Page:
Organisation and motivation!
One thing that I’ve found to have an impact on productivity throughout my years at university, has been organisation. Even if you feel like you aren’t good enough at your subject, being super organised can give you the confidence to know that you get the grades you’re working hard to get. Here, I will give you some top tips to how to organise your time and retain that attitude for the rest of the academic year.
Make commitments and stick to them
This one is something that I often struggle with, and it does take a lot of willpower to even commit to committing. However, keeping your promises to yourself trains you to become more self-disciplined, and a more reliable person. To help stick to plans, I strongly suggest (especially if your memory fails you sometimes, like mine). Not only is it fun to jot down future events but you can tick them off once you’ve done them: double the fun.
Meet with your personal tutor
Having a start of year conversation with your personal tutor is compulsory, but it shouldn’t be a chore. Usually, talking to somebody about start of year concerns can straighten out any worries or confusion you are facing. Whether you are debating which modules to choose, or just need some encouragement to kickstart your year, talking to somebody older and wiser than you is exactly what you need to prepare yourself for the months ahead.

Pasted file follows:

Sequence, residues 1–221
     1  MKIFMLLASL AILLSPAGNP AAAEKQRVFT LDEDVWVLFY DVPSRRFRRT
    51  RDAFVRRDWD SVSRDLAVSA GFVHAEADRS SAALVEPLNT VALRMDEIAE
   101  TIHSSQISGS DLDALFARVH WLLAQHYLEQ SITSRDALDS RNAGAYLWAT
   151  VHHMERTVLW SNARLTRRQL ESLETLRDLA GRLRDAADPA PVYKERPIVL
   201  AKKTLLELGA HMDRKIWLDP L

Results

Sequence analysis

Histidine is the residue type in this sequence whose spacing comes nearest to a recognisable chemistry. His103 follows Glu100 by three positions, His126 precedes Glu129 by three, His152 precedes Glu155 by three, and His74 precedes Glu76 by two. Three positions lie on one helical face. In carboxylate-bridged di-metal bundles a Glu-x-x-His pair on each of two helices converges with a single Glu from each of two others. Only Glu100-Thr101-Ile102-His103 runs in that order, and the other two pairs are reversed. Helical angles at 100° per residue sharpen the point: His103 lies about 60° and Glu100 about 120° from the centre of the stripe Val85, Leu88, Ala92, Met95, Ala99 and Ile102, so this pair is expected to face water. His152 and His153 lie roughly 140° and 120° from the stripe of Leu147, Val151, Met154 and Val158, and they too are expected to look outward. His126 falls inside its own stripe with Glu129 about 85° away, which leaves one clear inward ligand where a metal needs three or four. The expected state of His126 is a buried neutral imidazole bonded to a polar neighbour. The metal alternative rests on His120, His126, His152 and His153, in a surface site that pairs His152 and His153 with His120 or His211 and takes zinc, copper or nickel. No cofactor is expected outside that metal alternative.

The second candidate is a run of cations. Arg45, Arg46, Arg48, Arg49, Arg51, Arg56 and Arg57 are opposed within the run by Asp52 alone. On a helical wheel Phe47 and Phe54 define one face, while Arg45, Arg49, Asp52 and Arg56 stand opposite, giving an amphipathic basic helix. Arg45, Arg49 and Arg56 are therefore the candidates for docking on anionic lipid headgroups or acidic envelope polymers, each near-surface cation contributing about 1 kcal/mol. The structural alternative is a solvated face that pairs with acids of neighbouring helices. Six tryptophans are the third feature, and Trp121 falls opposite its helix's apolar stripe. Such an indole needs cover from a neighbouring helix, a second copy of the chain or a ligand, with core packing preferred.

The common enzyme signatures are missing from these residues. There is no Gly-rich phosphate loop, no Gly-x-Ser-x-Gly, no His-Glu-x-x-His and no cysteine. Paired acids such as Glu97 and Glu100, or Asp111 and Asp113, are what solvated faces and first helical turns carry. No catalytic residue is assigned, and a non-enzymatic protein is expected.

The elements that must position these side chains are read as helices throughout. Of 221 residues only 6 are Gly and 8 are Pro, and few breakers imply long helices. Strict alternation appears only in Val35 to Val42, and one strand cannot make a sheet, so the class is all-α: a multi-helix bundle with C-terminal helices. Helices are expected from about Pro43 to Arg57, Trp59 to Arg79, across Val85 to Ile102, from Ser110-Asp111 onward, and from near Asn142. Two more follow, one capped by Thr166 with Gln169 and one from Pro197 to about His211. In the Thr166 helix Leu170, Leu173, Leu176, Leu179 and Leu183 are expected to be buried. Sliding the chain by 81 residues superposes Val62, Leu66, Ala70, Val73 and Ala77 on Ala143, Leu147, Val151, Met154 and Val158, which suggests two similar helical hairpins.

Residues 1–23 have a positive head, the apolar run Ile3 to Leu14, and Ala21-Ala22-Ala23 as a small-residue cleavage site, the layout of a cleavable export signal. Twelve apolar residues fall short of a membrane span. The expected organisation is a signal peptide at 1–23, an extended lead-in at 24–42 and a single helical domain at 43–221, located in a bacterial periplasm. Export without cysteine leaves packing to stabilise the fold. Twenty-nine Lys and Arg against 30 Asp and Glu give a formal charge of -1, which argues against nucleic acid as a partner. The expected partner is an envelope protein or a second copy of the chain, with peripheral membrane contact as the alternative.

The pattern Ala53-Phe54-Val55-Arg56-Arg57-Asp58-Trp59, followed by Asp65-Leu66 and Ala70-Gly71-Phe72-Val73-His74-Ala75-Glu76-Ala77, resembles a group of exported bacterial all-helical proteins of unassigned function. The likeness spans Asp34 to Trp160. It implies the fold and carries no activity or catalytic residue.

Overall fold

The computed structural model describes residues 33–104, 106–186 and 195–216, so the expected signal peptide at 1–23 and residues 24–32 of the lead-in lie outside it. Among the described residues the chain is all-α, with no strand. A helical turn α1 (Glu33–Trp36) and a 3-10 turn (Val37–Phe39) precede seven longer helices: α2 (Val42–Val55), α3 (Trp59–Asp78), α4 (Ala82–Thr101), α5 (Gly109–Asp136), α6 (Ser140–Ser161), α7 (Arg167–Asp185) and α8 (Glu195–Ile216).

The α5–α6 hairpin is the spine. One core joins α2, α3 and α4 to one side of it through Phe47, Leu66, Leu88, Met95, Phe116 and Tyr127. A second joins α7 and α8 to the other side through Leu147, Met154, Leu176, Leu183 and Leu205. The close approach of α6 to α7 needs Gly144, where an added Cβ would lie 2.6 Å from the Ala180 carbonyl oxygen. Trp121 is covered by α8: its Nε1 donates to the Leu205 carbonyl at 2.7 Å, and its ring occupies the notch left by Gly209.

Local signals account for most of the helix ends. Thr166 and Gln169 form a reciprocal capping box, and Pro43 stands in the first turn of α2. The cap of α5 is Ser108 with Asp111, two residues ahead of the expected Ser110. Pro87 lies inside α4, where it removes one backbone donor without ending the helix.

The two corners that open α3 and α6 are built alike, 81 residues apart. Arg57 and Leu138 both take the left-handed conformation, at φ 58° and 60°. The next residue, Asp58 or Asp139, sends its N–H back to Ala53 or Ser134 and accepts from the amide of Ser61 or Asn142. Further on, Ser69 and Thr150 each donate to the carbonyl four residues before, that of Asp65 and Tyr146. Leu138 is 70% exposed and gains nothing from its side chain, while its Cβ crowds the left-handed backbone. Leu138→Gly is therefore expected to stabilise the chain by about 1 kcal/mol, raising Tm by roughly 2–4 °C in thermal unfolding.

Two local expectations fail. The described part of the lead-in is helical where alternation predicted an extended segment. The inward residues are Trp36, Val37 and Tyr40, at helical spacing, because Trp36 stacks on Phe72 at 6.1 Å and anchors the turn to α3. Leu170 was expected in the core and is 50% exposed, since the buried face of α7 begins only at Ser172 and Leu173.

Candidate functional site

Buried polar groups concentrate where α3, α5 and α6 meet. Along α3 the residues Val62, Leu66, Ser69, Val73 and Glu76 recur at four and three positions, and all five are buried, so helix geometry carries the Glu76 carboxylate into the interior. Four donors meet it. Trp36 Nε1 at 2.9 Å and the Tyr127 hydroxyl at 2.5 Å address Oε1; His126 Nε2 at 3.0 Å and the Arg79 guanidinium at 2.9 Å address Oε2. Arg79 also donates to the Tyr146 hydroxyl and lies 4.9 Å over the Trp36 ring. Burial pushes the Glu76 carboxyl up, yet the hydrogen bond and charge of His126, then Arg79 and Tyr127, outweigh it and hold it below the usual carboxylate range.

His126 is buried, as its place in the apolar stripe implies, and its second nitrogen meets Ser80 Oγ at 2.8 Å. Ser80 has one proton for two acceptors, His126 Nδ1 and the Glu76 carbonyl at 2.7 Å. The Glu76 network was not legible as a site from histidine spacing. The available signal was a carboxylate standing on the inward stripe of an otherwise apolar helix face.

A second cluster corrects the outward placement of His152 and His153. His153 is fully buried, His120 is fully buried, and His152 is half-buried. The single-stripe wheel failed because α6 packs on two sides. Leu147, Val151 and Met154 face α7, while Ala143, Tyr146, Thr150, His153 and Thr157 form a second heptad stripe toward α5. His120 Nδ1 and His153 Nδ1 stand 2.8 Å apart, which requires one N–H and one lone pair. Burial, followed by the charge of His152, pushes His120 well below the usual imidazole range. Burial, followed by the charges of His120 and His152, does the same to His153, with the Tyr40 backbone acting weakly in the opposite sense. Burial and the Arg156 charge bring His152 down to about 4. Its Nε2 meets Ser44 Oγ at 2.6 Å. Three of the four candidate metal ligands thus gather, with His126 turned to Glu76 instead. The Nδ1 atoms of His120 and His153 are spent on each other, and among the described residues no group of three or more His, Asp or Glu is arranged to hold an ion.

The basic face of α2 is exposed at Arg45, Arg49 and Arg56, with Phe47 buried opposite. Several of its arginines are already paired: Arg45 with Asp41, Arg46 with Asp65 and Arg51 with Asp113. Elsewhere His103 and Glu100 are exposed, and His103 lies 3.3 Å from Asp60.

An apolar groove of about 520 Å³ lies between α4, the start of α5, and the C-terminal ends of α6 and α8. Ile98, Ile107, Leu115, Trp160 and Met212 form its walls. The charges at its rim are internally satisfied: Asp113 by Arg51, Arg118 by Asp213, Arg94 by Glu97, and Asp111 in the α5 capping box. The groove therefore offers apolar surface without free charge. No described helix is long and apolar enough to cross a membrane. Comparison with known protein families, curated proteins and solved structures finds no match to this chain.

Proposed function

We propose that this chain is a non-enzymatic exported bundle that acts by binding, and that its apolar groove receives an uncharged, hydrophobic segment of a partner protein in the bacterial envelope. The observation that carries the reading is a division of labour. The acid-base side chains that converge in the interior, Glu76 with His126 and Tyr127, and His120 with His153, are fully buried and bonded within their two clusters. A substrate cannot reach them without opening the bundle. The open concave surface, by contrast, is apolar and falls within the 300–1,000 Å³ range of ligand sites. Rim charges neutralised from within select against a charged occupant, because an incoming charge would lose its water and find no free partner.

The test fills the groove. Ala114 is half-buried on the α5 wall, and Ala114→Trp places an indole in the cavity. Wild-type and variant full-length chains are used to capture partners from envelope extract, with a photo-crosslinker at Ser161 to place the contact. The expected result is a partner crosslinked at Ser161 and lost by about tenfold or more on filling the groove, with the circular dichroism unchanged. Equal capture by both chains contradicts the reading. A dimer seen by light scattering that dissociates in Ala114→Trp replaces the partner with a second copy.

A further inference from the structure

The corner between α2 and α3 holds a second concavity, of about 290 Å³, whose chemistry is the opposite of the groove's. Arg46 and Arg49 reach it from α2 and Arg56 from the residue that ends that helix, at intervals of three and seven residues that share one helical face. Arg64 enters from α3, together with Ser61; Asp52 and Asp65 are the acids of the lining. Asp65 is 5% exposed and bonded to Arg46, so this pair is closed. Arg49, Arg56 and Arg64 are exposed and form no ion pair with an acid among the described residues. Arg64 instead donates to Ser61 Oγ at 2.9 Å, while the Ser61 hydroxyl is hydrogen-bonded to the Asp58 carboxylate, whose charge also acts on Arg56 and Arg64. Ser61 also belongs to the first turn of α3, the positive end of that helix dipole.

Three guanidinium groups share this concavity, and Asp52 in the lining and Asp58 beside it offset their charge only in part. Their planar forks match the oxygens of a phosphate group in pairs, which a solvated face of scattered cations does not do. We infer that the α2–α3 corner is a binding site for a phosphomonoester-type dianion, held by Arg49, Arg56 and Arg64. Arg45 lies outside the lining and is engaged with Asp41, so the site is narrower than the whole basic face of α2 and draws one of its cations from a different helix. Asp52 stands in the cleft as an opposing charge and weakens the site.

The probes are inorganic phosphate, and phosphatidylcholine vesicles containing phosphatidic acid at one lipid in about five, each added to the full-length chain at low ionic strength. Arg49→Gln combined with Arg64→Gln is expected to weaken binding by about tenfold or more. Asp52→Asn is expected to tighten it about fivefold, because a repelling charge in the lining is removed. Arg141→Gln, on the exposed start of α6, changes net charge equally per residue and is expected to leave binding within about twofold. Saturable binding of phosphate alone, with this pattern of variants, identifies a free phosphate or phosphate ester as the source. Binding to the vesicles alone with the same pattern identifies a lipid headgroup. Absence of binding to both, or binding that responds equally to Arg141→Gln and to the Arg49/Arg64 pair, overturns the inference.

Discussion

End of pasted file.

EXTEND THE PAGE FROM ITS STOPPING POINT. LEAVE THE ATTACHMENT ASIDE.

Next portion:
Talk to your lecturers
When preparing to write coursework, office hours are your best friend. Make the most of how knowledgeable your lecturers are about your subject, and talk to them! As Philosophy is very discussion-based, I find it very helpful to just have a conversation with somebody about a topic, even if I do find the topic extremely challenging, which to be honest is most of my modules. Like the saying goes, if you can take one thing out of the discussion, it wasn’t a waste of time*.
*I don’t think that is a real saying.
Participate in seminars
Not only will this one make you more interested in the topic, it will also keep you awake. Active participation and groupwork is one of the most effective ways of retaining information. I recently found out that our brains will forget 80% of what we learn in a lecture, so seminars are absolutely crucial in aiding your understanding and getting you them grades.
I’ve written about my love of lists before, so it’s no surprise what’s coming next. I suggest writing out not only upcoming tasks, but plans for the entire term. Mapping out tasks and deadlines can prepare you for what is to come, and helps when it comes to writing coursework.
So that’s all for now, I hope these tips have motivated you to make some important organisational changes in your day-to-day activities. Actively doing things like setting out ground rules for yourself at the start of the year will make you more reliable and will help you to think clearer to prepare your mind for lectures and seminars! Until next time, have a great month.